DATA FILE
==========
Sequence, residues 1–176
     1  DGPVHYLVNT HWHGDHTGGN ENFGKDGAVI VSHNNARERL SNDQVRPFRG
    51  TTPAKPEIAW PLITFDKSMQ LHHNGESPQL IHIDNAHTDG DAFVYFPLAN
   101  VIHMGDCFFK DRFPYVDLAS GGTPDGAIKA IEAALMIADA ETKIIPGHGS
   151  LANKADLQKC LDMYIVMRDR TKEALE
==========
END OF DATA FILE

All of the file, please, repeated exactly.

Sequence, residues 1–176
     1  DGPVHYLVNT HWHGDHTGGN ENFGKDGAVI VSHNNARERL SNDQVRPFRG
    51  TTPAKPEIAW PLITFDKSMQ LHHNGESPQL IHIDNAHTDG DAFVYFPLAN
   101  VIHMGDCFFK DRFPYVDLAS GGTPDGAIKA IEAALMIADA ETKIIPGHGS
   151  LANKADLQKC LDMYIVMRDR TKEALE